Dir: Kevin Connolly. US. 2007. 88 mins.
Actor Kevin Connolly's directorial debut is brimming with intelligence and good ideas, but its downbeat subject matter and grim setting in a suburban New Jersey town will make it a tough sell for distributors. The fact that Gardener Of Eden is the first feature from Leonardo DiCaprio's Appian Way production company might entice buyers to take the risk, but otherwise there is not enough novelty here to distinguish a low-budget US independent in today's brutally crowded distribution marketplace, domestically and especially overseas.
The concept here is a fascinating one - a young slacker decides to become a real-life vigilante superhero and clean up his crime-addled town - but the execution is tonally diffuse, veering from whimsy and ethnic humour to moments of dark Batman-esque fantasy to the gritty, urban realism of Mean Streets or A Guide To Recognising Your Saints.
A bit more experimentation with comic book tradition and less of the dreary contemporary misery might have marked the film out from the conventional Tribeca/Sundance crowd.
The film kicks off with a fast and entertaining pace as 25 year-old Jersey boy Adam Harris (Haas) narrates his upbringing as the son of a depressed Vietnam war veteran in Jersey.
He's a smart boy - in the top 11 percentile of his high school graduation class, no less - but after being thrown out of college in New York City for hiring prostitutes, he goes back to live with his parents and work in a local deli. He hangs out with a gaggle of unambitious friends (Ferrara, Abrahams, Parsons) whose lives revolve around beer and girls.
One day, he witnesses an old woman customer being run over and is deeply affected by her violent death, going so far as to collect some of her brain from the accident site. He even attends her funeral and spies her beautiful niece Mona Huxley (Christensen).
When he is fired from his job, his mother throws him out of the house and he goes to a bar to get drunk. On his way home, he determines to get into a fight and beat up the next male passerby. When he does so, Adam inadvertently become a hero since the man he viciously attacked is a wanted serial rapist, just leaving the scene of his latest crime - the rape of Mona Huxley.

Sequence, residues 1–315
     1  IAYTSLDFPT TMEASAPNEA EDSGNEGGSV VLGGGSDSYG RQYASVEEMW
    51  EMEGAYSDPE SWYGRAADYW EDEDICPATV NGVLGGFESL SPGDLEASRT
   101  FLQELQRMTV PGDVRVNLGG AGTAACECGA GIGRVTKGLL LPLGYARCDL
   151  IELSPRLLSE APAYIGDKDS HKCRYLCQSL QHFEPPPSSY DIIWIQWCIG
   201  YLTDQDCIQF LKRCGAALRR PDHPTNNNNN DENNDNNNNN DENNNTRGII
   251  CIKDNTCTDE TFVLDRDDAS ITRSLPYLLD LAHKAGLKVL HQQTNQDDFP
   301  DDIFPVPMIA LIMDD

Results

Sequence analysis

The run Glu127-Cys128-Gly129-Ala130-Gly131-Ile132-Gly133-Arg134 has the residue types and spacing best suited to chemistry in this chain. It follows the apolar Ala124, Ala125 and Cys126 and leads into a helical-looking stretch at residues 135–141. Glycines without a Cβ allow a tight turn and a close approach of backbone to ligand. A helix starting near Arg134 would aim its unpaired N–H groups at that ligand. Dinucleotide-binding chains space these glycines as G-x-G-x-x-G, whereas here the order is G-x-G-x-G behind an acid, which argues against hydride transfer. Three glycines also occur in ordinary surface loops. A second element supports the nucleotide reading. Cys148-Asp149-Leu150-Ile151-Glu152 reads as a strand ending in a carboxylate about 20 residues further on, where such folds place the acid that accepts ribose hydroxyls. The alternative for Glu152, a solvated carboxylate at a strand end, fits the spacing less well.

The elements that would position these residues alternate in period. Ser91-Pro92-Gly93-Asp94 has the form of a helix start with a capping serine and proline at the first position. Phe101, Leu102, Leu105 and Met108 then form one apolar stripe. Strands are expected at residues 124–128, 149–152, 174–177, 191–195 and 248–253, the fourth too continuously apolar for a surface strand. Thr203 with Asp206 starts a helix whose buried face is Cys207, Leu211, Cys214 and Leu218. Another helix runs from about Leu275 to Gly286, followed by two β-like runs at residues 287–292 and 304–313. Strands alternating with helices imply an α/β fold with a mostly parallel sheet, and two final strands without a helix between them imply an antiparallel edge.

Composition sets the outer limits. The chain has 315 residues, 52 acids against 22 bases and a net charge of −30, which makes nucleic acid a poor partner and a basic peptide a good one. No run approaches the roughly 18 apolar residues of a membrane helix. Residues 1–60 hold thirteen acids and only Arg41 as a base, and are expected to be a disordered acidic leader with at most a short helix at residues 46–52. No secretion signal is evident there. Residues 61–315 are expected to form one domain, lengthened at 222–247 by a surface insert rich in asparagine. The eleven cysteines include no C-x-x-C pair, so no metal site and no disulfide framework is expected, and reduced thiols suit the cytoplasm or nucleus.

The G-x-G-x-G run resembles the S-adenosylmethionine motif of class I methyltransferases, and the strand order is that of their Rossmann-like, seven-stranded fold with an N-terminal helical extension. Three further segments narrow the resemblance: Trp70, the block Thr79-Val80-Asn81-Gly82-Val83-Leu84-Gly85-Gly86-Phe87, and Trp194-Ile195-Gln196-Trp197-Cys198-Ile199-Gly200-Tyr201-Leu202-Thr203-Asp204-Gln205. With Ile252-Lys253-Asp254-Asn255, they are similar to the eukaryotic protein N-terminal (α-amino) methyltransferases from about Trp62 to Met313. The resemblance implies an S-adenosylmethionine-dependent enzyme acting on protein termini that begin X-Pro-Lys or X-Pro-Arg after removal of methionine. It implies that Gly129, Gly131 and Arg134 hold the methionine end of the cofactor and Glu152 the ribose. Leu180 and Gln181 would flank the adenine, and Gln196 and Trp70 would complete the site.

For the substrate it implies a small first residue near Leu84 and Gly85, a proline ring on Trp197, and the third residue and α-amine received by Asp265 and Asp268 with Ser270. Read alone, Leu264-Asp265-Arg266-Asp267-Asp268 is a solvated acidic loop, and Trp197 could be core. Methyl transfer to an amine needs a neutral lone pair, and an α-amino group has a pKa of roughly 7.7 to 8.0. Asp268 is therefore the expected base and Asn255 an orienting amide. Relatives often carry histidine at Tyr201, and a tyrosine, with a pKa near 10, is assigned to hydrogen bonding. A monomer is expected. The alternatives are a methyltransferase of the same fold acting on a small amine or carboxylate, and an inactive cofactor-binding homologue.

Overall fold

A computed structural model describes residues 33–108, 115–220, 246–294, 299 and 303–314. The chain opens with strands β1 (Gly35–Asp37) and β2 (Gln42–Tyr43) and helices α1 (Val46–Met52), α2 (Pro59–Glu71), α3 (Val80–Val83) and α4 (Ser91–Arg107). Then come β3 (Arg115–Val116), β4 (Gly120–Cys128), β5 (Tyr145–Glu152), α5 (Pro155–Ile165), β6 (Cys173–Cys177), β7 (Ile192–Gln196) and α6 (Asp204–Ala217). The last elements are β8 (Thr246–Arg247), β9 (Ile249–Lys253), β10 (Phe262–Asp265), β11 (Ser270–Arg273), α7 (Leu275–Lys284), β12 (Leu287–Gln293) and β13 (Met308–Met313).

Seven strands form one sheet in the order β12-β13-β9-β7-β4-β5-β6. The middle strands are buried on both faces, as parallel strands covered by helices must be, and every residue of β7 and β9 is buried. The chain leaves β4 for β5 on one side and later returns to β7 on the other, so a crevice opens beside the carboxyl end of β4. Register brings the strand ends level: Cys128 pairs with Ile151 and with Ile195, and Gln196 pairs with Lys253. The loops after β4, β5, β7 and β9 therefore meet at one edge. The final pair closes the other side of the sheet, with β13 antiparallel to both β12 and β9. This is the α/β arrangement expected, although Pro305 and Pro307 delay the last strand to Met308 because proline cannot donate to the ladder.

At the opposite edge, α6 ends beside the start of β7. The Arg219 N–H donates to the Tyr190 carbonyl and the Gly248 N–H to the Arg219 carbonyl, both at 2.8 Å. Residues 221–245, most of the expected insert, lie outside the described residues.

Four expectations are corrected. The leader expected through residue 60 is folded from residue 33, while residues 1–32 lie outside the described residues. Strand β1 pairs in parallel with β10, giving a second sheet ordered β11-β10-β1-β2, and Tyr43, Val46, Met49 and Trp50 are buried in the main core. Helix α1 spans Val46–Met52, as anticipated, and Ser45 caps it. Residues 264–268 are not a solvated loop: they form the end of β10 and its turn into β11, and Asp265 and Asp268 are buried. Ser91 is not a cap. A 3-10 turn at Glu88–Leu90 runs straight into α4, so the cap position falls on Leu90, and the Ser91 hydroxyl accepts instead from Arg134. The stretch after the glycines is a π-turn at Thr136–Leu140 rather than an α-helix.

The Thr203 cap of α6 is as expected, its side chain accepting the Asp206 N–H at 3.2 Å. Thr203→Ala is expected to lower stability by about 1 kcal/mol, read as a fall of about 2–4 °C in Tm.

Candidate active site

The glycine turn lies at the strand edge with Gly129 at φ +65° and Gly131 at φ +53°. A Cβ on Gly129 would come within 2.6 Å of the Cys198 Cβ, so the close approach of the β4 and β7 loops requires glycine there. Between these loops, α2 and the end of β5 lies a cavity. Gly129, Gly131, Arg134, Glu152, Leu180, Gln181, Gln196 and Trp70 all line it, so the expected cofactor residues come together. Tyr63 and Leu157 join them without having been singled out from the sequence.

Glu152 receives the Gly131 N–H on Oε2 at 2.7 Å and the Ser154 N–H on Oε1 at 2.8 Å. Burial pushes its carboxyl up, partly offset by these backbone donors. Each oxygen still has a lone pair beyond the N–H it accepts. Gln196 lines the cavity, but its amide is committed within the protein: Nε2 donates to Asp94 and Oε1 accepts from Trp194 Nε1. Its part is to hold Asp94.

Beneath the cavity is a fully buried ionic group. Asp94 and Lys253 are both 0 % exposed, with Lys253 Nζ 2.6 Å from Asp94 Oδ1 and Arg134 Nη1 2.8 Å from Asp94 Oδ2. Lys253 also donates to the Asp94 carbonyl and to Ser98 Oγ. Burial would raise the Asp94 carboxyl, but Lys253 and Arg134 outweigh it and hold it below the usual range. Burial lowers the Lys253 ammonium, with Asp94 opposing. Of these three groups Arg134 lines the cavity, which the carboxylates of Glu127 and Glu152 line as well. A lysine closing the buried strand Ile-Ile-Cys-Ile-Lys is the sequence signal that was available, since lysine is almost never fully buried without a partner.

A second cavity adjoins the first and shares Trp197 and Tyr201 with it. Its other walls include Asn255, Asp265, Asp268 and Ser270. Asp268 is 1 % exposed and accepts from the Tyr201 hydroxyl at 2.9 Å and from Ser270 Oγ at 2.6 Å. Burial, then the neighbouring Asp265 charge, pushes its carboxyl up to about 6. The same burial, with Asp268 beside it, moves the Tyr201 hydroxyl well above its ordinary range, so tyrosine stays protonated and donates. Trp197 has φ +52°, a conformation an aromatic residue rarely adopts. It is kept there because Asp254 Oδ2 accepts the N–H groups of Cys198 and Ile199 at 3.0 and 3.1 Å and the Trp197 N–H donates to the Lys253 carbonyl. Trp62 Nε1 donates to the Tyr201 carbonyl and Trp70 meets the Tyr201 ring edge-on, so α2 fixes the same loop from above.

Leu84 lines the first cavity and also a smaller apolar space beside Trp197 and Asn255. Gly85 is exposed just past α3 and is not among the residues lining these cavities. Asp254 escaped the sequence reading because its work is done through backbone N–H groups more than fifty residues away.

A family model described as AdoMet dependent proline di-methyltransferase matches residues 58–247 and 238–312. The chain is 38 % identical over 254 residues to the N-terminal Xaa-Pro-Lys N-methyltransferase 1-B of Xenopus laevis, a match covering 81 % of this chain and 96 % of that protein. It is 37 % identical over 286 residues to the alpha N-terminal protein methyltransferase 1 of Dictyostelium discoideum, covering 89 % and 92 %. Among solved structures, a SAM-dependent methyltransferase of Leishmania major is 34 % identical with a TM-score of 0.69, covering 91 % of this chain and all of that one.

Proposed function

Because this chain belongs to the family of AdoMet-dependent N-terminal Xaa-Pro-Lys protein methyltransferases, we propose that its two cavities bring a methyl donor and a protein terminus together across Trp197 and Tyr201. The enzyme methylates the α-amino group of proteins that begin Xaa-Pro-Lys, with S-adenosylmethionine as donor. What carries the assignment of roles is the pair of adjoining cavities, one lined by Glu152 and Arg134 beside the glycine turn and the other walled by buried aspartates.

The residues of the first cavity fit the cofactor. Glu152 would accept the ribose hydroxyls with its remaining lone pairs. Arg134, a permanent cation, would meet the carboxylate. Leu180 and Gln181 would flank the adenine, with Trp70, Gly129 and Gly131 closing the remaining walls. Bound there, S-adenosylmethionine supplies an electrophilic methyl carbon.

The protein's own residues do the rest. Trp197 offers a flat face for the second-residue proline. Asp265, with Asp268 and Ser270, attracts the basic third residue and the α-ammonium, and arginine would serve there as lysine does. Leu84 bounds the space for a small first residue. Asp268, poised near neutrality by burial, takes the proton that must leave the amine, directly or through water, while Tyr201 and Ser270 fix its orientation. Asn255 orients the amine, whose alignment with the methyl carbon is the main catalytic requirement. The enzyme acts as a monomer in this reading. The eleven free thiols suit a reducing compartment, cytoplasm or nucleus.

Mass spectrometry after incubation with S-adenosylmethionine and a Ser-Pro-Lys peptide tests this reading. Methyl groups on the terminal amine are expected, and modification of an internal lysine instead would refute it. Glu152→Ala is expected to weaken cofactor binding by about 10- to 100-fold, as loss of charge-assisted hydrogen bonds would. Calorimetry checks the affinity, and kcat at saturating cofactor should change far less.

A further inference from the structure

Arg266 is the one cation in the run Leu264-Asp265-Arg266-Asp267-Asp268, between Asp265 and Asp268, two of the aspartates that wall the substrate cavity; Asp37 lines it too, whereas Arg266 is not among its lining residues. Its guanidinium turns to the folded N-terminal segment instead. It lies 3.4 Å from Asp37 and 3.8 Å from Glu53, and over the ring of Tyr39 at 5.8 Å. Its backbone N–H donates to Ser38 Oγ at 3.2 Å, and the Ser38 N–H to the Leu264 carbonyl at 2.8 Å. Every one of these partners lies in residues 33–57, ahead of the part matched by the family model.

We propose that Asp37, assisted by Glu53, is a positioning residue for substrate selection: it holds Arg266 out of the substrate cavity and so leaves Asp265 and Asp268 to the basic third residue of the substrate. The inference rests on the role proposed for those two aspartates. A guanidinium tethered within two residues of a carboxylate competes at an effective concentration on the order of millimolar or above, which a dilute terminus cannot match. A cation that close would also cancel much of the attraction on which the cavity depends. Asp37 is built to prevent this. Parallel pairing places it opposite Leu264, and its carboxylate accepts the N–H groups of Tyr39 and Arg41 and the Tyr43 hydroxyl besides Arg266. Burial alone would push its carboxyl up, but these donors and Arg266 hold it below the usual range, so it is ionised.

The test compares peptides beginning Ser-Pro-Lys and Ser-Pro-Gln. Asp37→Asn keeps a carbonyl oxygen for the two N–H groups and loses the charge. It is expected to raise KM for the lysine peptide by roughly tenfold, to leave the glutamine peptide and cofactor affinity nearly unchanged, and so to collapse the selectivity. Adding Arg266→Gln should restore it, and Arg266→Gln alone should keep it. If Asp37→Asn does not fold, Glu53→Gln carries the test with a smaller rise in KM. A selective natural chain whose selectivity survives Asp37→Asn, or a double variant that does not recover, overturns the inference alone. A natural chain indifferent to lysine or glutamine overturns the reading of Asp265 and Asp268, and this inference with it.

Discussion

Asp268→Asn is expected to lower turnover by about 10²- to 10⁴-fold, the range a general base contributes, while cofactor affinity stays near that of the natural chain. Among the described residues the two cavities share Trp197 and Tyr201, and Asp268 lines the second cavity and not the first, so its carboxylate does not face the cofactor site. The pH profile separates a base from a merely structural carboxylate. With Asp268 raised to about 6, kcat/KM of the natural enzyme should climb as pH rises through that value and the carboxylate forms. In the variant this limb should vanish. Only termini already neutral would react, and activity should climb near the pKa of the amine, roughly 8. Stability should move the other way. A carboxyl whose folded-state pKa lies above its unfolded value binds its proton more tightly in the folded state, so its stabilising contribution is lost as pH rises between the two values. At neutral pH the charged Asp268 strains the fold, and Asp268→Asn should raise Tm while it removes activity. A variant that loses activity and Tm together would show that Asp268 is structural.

His proud parents take him back and he is presented with the reward money, but the incident principally awakens him a desire to bring law and order to the town. Unwilling to undertake police training, he decides to become a real hero, patrolling the streets at night looking to stop crime.
He embarks on a rigorous fitness and body-building regime, persuades his father to teach him combat techniques and determines to prevent bad things happening to good people.
Adam's newfound self-discipline and self-righteousness are met with resentment by his friends who buy drugs from the local dealer Vic (Ribisi). But he has other fish to fry, traveling the Manhattan subway system by night with his father's gun and wooing Mona.
However, his Good Samaritan acts start to blur the lines between right and wrong. He accidentally kills a purse-snatcher in New York City and his determination to rid the town of Vic leads to a vicious fist fight and Vic's assertion that Adam's father is one of his biggest clients. The film's final act sees Adam turn vigilante against Mona's rapist and cross the moral line for good.
Framed by comic-book images and narrated by Adam throughout, the film has intriguing hints of a new Death Wish, the saga of a self-appointed moral avenger in American suburbia, but Connolly and screenwriter Adam 'Tex' Davis get bogged down in the ennui of the disaffected youths on show, as if insisting on bringing their own growing-up experiences to bear on the story.
Still, Haas is never less than compelling as Adam. The young actor, who has never risen to the heights of his friend and producer DiCaprio, reveals adult leading man presence here belying his still-youthful looks, and brings an honesty and instability to Adam Harris which keeps the character intriguing.
The 7th Floor
Initial Entertainment Group
Initial Entertainment Group
Adam 'Tex' Davis
David Patrick Kelly